Monday, April 30, 2012

The Homecoming by Cynthia Voight - Review/Discussion

Homecoming by Cynthia VoigtPublisher: Simon Pulse
Release Date: August 1, 2002 (First published March 12, 1977)
Source: Bought at Borders
My rating: 5 of 5 stars

I read this book for my English book report. I was looking for a good book to do a report on and I read the back of the book (the summary, I mean) and I felt so sorry for the children. It almost made me cry, and I immediately chose this book. At some points I did start crying (lightly). This is a wonderful book, and it did have a happy ending. I'm going to start reading the 2nd book soon, I can't wait. Here is my essay, if you want to see it:


In The Homecoming, a book written by Cynthia Voigt, four siblings are abandoned by their mother as a result of the constant stress she was being put under as a single parent. Dicey, the oldest and authoritative sibling of the Tillerman children, wants the family to always stay together, no matter what. Because of this, Dicey does not call the police, since she fears that they will be separated into different foster homes. The only place they can go to is their Aunt Cilla’s house. Thinking that their mother will be there, the children begin their long and tiring journey, struggling to survive as they walk from Massachusetts all the way to Connecticut. They must sleep outside, work for money, and use their knowledge of survival skills, but they also find help along the way.

Stewart, a college student that the Tillermans meet in New Haven, helps them by driving them to Bridgeport. He drops them off in front of Aunt Cilla’s house. They thank him, then anxiously walk up the front concrete steps to knock on the door. There is no response, so the children sit down on the steps, waiting for her to return. They search the streets, which are filled with people coming home from an exhausting day at work. All the children, except for Dicey, believe that their mother has come to Aunt Cilla’s house, and they are eager to see her again. Dicey knows for a fact that she is not here. “I think Momma got so worried about so many things, about money and us, about what she could do to take care of us, about not being able to do anything to make things better…that she just quit,” she says (139).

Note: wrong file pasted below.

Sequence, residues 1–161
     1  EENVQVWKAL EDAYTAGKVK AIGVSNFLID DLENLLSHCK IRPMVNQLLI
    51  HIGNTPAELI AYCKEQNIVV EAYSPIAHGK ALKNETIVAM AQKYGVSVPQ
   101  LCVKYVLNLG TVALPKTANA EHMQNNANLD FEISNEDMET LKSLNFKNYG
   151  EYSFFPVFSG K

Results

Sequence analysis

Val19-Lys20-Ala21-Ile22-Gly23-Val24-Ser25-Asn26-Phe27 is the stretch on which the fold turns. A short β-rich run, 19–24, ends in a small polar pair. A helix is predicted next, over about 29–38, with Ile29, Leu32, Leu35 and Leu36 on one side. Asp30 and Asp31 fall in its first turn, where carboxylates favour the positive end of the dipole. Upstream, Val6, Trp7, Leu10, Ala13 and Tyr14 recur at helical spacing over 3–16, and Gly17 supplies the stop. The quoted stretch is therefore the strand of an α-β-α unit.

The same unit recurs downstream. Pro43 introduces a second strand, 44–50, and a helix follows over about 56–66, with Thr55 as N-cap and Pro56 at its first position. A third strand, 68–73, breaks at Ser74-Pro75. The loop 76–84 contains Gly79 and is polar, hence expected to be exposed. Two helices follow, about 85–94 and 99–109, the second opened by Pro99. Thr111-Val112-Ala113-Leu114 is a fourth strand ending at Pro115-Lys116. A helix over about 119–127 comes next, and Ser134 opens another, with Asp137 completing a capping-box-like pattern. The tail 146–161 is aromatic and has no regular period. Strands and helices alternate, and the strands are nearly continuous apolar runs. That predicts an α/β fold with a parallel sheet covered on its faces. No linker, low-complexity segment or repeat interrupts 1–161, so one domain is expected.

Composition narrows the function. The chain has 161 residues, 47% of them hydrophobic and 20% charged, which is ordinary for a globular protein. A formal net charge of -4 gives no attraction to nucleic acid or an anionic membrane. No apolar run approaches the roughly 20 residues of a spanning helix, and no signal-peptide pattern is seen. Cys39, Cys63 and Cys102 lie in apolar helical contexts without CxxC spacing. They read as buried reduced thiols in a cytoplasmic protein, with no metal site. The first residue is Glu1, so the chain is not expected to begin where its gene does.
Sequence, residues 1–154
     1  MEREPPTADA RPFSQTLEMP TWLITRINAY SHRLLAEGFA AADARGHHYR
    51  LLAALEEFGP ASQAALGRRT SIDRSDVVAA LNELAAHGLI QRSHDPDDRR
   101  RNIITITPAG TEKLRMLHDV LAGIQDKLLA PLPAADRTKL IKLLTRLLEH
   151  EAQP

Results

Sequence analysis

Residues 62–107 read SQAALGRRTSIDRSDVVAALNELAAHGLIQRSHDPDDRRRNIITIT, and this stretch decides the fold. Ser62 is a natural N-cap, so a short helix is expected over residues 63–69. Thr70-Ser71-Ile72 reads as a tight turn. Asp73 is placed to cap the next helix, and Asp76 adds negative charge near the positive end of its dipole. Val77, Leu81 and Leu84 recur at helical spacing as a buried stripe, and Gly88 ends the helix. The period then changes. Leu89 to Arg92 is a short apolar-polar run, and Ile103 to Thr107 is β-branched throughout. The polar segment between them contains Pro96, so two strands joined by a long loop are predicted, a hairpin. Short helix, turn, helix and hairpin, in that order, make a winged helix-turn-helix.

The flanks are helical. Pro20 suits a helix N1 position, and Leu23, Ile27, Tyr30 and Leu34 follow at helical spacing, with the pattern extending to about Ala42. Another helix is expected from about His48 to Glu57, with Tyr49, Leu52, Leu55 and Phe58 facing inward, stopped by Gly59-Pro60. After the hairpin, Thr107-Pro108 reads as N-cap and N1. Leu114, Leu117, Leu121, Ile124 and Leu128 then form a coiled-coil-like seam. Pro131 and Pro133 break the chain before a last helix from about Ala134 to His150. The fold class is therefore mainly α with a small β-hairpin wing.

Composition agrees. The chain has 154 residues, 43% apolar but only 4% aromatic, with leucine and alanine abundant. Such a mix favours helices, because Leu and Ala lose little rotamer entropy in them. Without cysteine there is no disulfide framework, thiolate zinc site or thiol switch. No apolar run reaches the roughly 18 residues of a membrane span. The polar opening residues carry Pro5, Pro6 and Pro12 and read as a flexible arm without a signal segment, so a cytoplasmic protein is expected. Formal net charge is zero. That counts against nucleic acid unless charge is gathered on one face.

Aunt Cilla had always sent the children Christmas cards every year, but they don’t even know what she looks like. They don’t know for a fact that she will want to take them in and care for them. In Dicey’s mind, this is their last chance. They have nowhere else to go, and if their aunt kicks them out, they will have to live on the streets until they grow up. This is a very pivotal scene in the book, because it decides the Tillermans’ future. The children try to reassure each other that everything will be fine. The younger ones are confused and need to feel safe. Although Dicey is a child herself, she is the only one who can protect them.

The children find out that Aunt Cilla passed away previously that year, and her daughter was living by herself in the house. Thinking that it was not the right home for them, the Tillermans find out where their grandmother lives and go to see her. She is reluctant at first to bring them in, but later she decides that she really does want them to live with her.

I would definitely recommend this book to a friend, because it shows many tough emotions, such as devotion, love, and strong willpower. It teaches a very valuable lesson: as long as you are determined, you can face any troubles that you encounter.

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